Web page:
Eddie the Eagle, directed by Dexter Fletcher and produced—in part—by Matthew Vaughn’s Marv Films, is loosely based on the life story of Michael Edwards, or Eddie “The Eagle” Edwards, a British ski jumper that competed in the 1988 Winter Olympics. The film is positioning itself as a feel-good movie, but does it stick the landing?
Eddie Edwards (Taron Egerton) knew from a young age that he wanted to one day compete in the Olympics. It didn’t matter what sport, he was just enamored with the Games and wished to compete. To say that Eddie was an unpopular child would be generous. He wore leg braces and was generally awkward with his thick glasses and jutting jaw. However, his Mum (Jo Hartley) always supported his dreams, while his father (Keith Allen) outright discouraged him, wanting his son to pursue more grounded endeavors. At some point, Eddie discovers skiing and becomes a good downhill skier. Unfortunately, his awkward and clumsy nature causes the British Olympic Committee to leave him off the team. In order to prove his detractors wrong, Eddie takes on ski jumping, as Britain’s ski jumping team is non-existent. Eddie heads for Germany in order to train there. While at a training site for the Norwegian ski jumping team, Eddie meets Bronson Peary (Hugh Jackman), a washed up American ski jumper that had the talent to go all the way, but pissed it all away. Eddie eventually wins Peary over and the American agrees to train him. However, Eddie is thwarted at almost every turn by the British Olympic Committee, especially Dustin Target (Tim McInnerny). Will Eddie fulfill his dream to compete in the Winter Games? Well…yes, it’s historical fact, so yes.
Your enjoyment of Eddie the Eagle will wholly depend on how many sports/underdog film clichés you can handle before you lose your mind. It was pointed out to me by Dirty A that the film is essentially a remake of Cool Runnings, the similarities are so exact. So, the film is depending solely on the strength of Eddie as a character to drive interest. The problem with Eddie is that while he was totally likable and easy to root for, you’re left wondering at times if he’s just stubbornly determined and quirky or 2016’s Forrest Gump. The other issue I had with the film was that everything happens too easily for Eddie. It is never really explained how he’s getting money to pay for all his training and travel and I think that element would have added a nice layer to the film if the producers were actually interested in telling Eddie’s real story. What ends up happening, though, is that the filmmakers are more interested in telling “the legend” of Eddie Edwards. A lot of corners are cut in the narrative and some of the characters, including Jackman’s Peary, didn’t even exist in real life. Also, Target is a cartoonish villain as are the Norwegian skiers that make fun of Eddie as he trains. It’s just an easy, breezy film that doesn’t ask much of its audience or of itself to craft a compelling narrative.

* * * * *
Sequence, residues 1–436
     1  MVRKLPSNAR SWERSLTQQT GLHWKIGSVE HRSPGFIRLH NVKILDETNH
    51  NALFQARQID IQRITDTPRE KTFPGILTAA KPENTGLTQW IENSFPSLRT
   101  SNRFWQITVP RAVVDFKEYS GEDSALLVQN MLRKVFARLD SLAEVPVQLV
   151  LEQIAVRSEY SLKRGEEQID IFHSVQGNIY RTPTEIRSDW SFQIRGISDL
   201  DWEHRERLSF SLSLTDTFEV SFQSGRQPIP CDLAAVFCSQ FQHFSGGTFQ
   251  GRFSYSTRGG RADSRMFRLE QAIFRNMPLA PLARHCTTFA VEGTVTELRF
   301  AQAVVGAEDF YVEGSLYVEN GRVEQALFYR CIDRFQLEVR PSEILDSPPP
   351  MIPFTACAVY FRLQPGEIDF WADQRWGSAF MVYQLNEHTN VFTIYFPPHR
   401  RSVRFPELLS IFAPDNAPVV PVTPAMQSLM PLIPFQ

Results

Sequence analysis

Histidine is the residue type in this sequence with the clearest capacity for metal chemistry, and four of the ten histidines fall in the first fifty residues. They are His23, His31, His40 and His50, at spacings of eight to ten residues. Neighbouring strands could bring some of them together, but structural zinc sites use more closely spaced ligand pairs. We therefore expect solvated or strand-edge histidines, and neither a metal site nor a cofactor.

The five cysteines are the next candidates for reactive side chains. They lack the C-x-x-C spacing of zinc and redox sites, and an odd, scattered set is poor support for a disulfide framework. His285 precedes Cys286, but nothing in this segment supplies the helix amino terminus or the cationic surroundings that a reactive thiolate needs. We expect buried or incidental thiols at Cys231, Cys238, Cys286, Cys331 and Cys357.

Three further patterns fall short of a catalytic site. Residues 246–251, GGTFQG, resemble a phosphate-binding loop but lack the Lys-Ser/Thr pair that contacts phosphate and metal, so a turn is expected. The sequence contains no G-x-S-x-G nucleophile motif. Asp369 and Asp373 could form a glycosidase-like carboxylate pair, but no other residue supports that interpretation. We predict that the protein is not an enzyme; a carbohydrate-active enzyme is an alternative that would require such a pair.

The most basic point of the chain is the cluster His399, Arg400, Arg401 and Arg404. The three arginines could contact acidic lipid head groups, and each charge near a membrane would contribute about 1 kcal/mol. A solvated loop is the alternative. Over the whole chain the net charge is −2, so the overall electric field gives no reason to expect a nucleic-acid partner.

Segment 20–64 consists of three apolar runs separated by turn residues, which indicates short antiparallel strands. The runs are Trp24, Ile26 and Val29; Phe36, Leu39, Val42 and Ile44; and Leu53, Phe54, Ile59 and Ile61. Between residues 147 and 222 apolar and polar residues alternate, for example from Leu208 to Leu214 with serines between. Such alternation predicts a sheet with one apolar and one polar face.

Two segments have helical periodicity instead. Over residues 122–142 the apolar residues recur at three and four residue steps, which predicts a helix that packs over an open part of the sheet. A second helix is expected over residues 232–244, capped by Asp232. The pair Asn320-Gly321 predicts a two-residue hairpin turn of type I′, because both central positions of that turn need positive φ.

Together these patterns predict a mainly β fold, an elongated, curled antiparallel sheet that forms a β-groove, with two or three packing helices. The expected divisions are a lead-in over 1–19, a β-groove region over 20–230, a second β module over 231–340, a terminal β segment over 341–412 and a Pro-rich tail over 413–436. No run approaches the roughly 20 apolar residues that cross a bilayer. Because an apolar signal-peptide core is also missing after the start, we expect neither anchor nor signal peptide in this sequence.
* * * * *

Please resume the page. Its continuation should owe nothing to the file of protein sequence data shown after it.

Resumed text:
The real bright spot in the cast is Egerton, who completely transforms himself into Eddie. Those who first learned of Egerton in Kingsman: The Secret Service will find him completely unrecognizable in this film. He does a good job in the role, proving himself to be a very skilled actor. Jackman on the other hand…. Look, as anyone who knows me will tell you, I love Hugh Jackman—he’s one of my favorite actors—but in this film, he’s merely Wolverine on skis, minus the sideburns. He has fun in the role, but the fact that his character is completely fictional is distracting in a film that’s supposed to be a biopic. Eddie’s parents are complete clichés as are the villains and it gets to the point that the only reason to see the film is for Egerton. Christopher Walken and Jim Broadbent put in cameos, with the latter being the more entertaining of the two.
Overall, Eddie the Eagle comes across as an 80s/90s TV-movie at best and not worthy of a theatrical release. It’s overly sentimental and so cliché-ridden that it is difficult to take it seriously. There are some really funny moments in there, but also some severely awkward ones as well—Bo Derek, that’s all I’ll say. Maybe catch it on cable, where it belongs.